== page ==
(FreedomBeacon.com)- Under the cover of the crisis in Ukraine, Biden administration officials are still trying to restore the 2015 nuclear deal with Iran.
Those involved in the ongoing negotiations in Vienna have indicated a final deal could be reached soon. But rather than the new stronger agreement initially promised, it is looking as though the final deal will do little more than reinstate the original JCPOA deal made during the Obama presidency, of which the key restrictions on Iran’s nuclear activity are set to expire in 2025.
But that might be the best the Biden administration can hope for given the current crisis in Ukraine, the ongoing challenges with China, and the economic problems at home.
Israel, however, is growing concerned that the deal ultimately reached will not prevent Iran from pursuing nuclear weapons. Israeli Prime Minister Naftali Bennett recently warned that the deal emerging out of Vienna will likely make the Middle East more volatile and violent.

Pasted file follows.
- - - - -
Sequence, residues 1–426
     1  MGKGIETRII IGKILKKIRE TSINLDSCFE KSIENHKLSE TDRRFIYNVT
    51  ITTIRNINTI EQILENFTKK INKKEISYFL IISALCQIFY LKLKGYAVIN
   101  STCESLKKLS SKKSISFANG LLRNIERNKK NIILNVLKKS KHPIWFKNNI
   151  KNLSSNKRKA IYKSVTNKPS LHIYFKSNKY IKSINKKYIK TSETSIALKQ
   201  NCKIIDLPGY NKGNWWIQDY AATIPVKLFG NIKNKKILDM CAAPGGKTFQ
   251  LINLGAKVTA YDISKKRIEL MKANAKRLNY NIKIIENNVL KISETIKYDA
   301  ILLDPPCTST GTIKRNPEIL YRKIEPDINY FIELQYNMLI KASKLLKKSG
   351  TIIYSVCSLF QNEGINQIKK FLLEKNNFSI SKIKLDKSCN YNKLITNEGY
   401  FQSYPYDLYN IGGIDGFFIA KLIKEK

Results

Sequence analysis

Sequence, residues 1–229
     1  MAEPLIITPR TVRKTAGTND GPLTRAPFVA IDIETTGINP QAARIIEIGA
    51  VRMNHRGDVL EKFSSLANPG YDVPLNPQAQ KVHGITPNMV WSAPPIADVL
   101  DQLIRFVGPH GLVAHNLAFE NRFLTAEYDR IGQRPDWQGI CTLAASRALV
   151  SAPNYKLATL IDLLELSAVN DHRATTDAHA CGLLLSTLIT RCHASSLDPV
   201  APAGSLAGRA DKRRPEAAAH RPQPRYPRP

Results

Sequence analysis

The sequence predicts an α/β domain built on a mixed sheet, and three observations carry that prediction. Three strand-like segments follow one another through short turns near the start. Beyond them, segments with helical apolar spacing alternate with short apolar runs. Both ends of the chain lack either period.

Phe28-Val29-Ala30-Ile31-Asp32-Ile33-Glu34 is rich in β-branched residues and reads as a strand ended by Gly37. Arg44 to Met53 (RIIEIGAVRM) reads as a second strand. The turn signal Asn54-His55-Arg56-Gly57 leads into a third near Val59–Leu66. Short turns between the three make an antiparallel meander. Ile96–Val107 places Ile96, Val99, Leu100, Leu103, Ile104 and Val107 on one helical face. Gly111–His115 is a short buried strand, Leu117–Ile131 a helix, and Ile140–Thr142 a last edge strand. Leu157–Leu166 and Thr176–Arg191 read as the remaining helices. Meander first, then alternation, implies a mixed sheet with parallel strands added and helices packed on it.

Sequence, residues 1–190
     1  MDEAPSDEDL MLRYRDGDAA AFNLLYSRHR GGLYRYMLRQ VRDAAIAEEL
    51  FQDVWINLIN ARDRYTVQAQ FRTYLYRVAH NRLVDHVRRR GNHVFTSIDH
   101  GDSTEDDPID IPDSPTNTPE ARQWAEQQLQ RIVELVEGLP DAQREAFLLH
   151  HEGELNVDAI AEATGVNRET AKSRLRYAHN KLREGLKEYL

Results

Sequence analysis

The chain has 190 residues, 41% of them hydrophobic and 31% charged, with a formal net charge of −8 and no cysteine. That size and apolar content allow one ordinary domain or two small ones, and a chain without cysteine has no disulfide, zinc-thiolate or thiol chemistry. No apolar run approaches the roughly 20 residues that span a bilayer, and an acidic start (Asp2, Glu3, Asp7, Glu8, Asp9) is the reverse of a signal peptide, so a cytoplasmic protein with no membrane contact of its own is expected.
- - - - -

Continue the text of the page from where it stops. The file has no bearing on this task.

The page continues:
For Iran, the goal is sanctions relief. Tehran has insisted on the complete lifting of all US sanctions imposed during the Trump administration. But that isn’t something Biden can do on his own.
Under a 2015 law, any new agreement offering sanctions relief to Iran would require congressional approval. This is why the Biden administration has signaled its plan to simply “re-enter” the 2015 JCPOA.
And while that plan would avert a battle with Congress, it means that key aspects of the original deal, such as limits on uranium enrichment, would expire in just three years.
But that’s good enough for this administration. Much like the Obama White House, the Biden administration would rather get a flawed deal than no deal at all.
Meanwhile, Tehran has indicated that it would be willing to return to the JCPOA so long as it receives access to $7 billion in frozen assets and can export its oil unhindered.
The International Crisis Group, an organization once headed by the top US negotiator, has said that success in Vienna “hinges on the political willingness” in the United States and Iran “to accept compromises on remaining areas of disagreement, which is by no means assured.”